Almost 8 million US Kids Have Mental Issues

Funding finalized for new Edmonton mental health centre for children

New children and youth mental health centre moving ahead in Edmonton

Almost half of an estimated 7.7 million children in the United States with at least one mental health disorder did not receive needed treatment from a mental health professional in 2016, a new report finds.

Researchers assessed the prevalence of diagnoses and treatment for childhood mental health problems based on data from the 2016 National Survey of Children's Health, a nationally representative parent-proxy survey of USA kids under 18 years old.

Survey respondents answered whether their children had ever been or were now diagnosed with a mental health condition, such as depression, anxiety or attention-deficit/hyperactivity disorder.

"When a child or teen is struggling with a mental health crisis or needs specialized emotional supports, they need help as quickly as possible", said Sarah Hoffman, Minister of Health, in a media release Monday morning.

Then, the survey also asked parents who reported a mental health condition: "During the past 12 months, has this child received any treatment or counselling from a mental health professional (including) psychiatrists, psychologists, psychiatric nurses, and clinical social workers?"

Mark Peterson, affiliate professor at the University of Michigan Medicine and senior writer of the research, has a protracted historical past of learning health circumstances that begin in childhood and end in disabilities afterward in life.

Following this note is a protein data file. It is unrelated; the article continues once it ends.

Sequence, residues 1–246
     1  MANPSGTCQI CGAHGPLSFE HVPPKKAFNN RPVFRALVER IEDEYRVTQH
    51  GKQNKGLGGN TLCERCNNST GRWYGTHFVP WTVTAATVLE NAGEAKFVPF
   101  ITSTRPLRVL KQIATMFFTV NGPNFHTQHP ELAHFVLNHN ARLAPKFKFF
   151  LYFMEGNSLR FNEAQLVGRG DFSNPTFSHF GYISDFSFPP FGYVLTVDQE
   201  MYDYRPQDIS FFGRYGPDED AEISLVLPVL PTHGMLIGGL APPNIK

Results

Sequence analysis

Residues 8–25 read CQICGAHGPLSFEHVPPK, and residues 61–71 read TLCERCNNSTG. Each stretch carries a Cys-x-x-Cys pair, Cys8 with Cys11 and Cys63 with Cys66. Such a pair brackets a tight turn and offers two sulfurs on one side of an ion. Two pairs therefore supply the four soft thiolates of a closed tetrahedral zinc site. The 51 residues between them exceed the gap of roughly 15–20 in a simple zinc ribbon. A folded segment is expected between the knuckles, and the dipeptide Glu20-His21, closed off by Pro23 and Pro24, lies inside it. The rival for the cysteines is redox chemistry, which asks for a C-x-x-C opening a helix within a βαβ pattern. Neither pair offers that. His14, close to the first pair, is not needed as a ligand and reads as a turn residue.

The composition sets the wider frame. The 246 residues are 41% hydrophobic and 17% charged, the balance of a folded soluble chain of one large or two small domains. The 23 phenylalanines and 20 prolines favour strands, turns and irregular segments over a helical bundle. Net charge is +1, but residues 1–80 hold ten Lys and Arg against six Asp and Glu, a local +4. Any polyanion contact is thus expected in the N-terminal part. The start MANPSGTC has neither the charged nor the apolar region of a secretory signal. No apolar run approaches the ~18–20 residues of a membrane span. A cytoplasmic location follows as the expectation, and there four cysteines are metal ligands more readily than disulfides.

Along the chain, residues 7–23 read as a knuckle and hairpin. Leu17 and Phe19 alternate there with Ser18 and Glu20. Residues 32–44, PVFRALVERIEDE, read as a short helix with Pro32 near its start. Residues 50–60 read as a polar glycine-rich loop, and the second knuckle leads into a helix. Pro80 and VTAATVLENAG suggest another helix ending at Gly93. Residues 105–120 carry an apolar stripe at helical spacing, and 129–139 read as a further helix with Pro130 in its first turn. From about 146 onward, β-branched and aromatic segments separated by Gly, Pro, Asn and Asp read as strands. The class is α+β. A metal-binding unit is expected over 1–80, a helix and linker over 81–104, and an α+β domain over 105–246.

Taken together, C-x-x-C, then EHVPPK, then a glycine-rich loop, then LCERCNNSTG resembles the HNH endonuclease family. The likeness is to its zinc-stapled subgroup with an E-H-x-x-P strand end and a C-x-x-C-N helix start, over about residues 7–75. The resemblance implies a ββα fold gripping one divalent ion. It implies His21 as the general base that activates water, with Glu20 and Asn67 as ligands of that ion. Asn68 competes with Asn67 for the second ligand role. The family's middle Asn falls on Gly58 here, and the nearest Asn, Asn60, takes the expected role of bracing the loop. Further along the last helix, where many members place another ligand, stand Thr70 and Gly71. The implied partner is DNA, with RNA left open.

But child and adolescent psychiatrists and psychologists weren't at all surprised by the results.

The next big issue is insurance coverage, Robles-Ramamurthy said.

According to data from the American Academy of Child and Adolescent Psychiatry, majority of the country faces a severe shortage of practicing child and adolescent psychiatrists, with fewer than 17 providers available per 100,000 children.

The new facility will provide treatment for children in Edmonton and northern Alberta for mental health and substance abuse.

Parents responded to a prompt: "Has a doctor or other health care provider EVER told you that this child has" a mental health disorder.

This means many families face long wait times, which can, in turn, lead to worsening of the underlying mental health condition in the child and an eventual need for more treatment sessions than if the condition had been addressed in its early stages, explained Mautone. Mautone said in her statement, "All of these systems that are supposed to be caring for children often times are not talking to each other".

The study wasn't a controlled experiment created to prove whether or how specific factors might directly impact how many kids are diagnosed or treated for mental health disorders. They concluded, "Initiatives that assist systems of care coordination have demonstrated a reduction of mental health-related burdens across multiple domains".

Latest News